East Africa: Huge Business Opportunities Expected in Common Markets
The East African Community marks its 10th anniversary on Friday in Tanzania, where the heads of partner states are expected to sign the Common Market Protocol.
It will open the borders of Kenya, Uganda, Tanzania, Rwanda and Burundi to allow free movement of people, goods, services and capital. Huge business opportunities await people in East Africa under the protocol that also gives the right of establishment and residence. "Companies and firms established in accordance with the national laws of a partner state and having their registered office, central administration or principal place of business, and which undertake substantial economic activities in the partner state shall, for purposes of establishment, be accorded non discriminatory treatment in other partner states," says the protocol.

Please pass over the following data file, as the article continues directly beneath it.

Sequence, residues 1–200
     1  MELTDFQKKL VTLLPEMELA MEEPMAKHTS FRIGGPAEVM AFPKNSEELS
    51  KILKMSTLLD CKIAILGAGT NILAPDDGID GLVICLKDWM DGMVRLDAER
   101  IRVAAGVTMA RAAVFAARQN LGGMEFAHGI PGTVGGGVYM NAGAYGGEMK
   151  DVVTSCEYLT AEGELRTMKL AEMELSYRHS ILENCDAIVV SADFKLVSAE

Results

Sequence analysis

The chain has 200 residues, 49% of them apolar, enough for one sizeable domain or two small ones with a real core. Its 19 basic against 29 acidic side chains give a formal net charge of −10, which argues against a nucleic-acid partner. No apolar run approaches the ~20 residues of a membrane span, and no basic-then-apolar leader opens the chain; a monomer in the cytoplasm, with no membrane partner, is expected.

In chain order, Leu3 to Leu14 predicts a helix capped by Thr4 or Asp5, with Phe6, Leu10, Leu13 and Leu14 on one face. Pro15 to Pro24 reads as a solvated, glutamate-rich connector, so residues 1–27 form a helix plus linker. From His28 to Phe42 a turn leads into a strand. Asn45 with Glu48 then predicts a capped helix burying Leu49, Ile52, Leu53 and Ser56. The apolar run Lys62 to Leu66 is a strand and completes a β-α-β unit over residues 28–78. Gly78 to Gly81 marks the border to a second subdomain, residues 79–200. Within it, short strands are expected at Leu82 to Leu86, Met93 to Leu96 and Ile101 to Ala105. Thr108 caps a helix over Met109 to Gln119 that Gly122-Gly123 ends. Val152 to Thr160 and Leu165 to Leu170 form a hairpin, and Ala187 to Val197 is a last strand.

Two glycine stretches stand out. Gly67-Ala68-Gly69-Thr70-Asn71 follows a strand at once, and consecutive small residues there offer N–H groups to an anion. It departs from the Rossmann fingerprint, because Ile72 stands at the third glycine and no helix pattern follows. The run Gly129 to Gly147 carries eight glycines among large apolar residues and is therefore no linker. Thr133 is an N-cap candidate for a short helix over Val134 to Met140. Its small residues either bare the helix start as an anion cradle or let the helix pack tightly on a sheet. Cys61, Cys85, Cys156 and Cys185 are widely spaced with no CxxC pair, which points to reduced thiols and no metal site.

The Common Market is the second stage in the integration of the economic bloc, and comes five years after the launch of the Customs Union, the first stage in the integration process. The five countries have agreed to eliminate tariff, non-tariff and technical barriers to trade; harmonise and mutually recognise standards, and implement a common trade policy. In order to facilitate free movement of labour, academic and professional qualifications granted will be mutually recognised in the EAC. East Africa has a land mass of 1.82 million square kilometres and an estimated population of 126.2 million. The region holds the potential of emerging a far more important economic power than its current GDP of $60 billion suggests.
The Community plans to focus on key pillars expected to propel the regional economy, such as greater investments in common infrastructure including roads, energy, railways and telecommunications.